Alison Dodd
Soprano Saxophone

When she was just 4 years old, Alison's next door neighbours sold their piano to her family for £25. From those first tentative lessons, through plying in many orchestras ('cello and saxophone) and singing in several choirs, to finally finding her voice with the saxophone, every step of the journey has been worth it. She studied at the Royal College of Music and completed her undergraduate degree at the Royal Welsh College of Music and Drama. She studied with Horch, Lara James and Gerard McChrystal, and performed in masterclasses with many great saxophonists, including Dr Paul Cohen, Fred Hemke, Lynn klock, Jo Murphy and Andy Scott. After success at the RWCMD concerto trials, Alison performed Dahl's "Concerto for Alto Saxophone" in St Teilo's church in March 2010, and later won the RWCMD Chamber Music Prize with her saxophone quartet. In the same year she became a recipient of a Prince of Wales Advanced Study in Music award, an award from the Elizabeth Evans Trust, and the support of the Richard Carne Trust. For the past two years she has enjoyed teaching an array of instruments to young people around Shropshire.

Tim Harper

Tim Harper is Assistant Director of Music at Birmingham Cathedral, where he accompanies and assists in the training of the Cathedral Choir, and directs the voluntary choirs, weekly recital series and Come & Sing events. Previously he was Organ Scholar successively at St Barnabas Church, Dulwich, Clare College Cambridge, Canterbury Cathedral and St. Paul's Cathedral. He read for a degree in Music and was a major prize winner at both ARCO and FRCO, including the RCO Coventry Cathedral award; he was subsequently awarded the silver medal of the Worshipful Company of Musicians. He has appeared live on both BBC TV and radio, including a broadcast shortly after his arrival at Birmingham. 

Away from the cathedral, he acts as organist to the Blue Coat School, Harborne, and is in demand as recitalist, accompanist and continuo player, recently appearing with the Royal Ballet Sinfonia, Ex Cathedra and the Birmingham Bach Choir. Other interests include jazz and cricket. He and his wife Charlotte have just had their first child, and in September he moves to Ripon Cathedral as Assistant Director of Music.

Brian Gulland

Bass singer and composer of Arches and Echoes

Brian started his musical career as a chorister at Canterbury Cathedral, where he took up the bassoon at the age of eight. After the Royal College of Music, fired by a growing interest in Medieval and Renaissance music, Brian performed regularly with well known early music ensembles such as Musica Reservata and London Pro Musica, playing shawms, crumhorns and recorders.

In 1972 he was a founding member of Gryphon, using the bassoon in a totally new way. Gryphon rapidly attracted a cult following, made five albums and enjoyed years of successful touring throughout Europe and north America. He has since played with such diverse acts as the Nolan Sisters, Ian Dury and the classical guitarist John Williams.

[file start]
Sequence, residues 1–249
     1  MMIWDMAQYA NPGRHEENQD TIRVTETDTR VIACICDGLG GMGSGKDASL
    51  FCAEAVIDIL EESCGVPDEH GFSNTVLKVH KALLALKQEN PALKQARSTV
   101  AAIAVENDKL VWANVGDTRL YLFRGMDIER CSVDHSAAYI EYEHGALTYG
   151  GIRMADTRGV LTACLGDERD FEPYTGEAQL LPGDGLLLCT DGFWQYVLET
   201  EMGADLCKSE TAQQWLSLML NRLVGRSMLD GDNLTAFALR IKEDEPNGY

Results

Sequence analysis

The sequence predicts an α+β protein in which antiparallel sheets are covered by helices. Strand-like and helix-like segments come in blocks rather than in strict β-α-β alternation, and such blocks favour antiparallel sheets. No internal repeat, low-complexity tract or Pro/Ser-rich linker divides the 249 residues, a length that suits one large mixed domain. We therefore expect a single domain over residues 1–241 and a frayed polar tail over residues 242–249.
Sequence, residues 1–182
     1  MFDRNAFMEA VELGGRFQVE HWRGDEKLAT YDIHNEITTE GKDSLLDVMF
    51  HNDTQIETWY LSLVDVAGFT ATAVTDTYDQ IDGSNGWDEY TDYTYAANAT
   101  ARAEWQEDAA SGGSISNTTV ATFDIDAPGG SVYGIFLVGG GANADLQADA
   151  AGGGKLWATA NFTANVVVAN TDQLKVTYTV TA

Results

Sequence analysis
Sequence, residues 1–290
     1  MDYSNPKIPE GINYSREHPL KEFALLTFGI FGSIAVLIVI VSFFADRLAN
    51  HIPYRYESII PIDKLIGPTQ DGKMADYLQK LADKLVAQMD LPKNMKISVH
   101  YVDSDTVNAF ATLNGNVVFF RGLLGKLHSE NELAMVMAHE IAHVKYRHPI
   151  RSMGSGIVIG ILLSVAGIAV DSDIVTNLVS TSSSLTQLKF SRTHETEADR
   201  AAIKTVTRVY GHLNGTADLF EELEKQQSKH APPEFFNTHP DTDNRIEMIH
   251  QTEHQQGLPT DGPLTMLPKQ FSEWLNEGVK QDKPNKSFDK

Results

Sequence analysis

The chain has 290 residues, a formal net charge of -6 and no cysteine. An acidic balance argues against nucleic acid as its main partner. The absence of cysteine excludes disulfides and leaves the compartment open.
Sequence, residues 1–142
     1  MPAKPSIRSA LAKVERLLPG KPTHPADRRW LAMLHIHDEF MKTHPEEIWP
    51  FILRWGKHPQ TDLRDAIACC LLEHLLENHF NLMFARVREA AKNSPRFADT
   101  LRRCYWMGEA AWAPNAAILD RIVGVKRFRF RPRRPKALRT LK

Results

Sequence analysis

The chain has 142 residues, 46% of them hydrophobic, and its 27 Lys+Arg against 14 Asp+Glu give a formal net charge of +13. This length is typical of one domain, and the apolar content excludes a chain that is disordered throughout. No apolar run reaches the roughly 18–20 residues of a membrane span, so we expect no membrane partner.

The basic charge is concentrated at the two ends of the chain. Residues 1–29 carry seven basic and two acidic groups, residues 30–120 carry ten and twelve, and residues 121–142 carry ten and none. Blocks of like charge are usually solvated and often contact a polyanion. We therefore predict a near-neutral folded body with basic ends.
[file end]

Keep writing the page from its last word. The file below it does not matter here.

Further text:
During recent years Brian has focused on composition, working in television, film and advertising, as well as arranging and producing other artists, from his mountain top home in North Wales.

Richard A Harvey

Composer of Responses

Since graduating from the Royal College of Music in 1972 at the age of 18, Richard Harvey has been a ubiquitous and diverse presence on the London music scene, not only as a prolific composer and conductor, but also as an exceptional virtuoso performer of almost 700 instruments from around the world - blown, plucked, keyed, bowed, beaten and programmed. 

Richard's early forays into the professional world involved performing medieval and Renaissance era instruments with the early music ensemble Musica Reservata, and his own progressive rock and folk band Gryphon. Since then he has recorded for and collaborated with major contemporary composers including John Williams, Stanley Myers, Harry Gregson-Williams, Sir Paul McCartney, Elvis Costello and numerous others. 

Richard has scored over 70 television and film projects and his talent as a composer of film and television music has been recognised with a British Academy Award and three Ivor Novello nominations. Richard has also made several classical albums, including a Classical Record of the Year, "Italian Recorder Concertos" (1982) which remains in Gramophone Magazine's Top 100. Furthermore he was commissioned to write "Concerto Antico"(1995) for classical guitar virtuoso John Williams, which has been recorded with the London Symphony orchestra and released by Sony, enjoying subsequent worldwide live performances. 

Together with artist and writer Ralph Steadman, Richard was commissioned to compose and conduct a major Cathedral piece for the 1989 exeter Music Festival. The result was the eco-oratorio "Plague and the Moonflower", which has now been performed in numerous English Cathedrals and music festivals as far flung as Australia. 

Richard lives in Surrey, where he pursues his love of cricket, and enjoys winters in Thailand, where he pursues his love of warmth, travel and adding to his massive collection of musical instruments.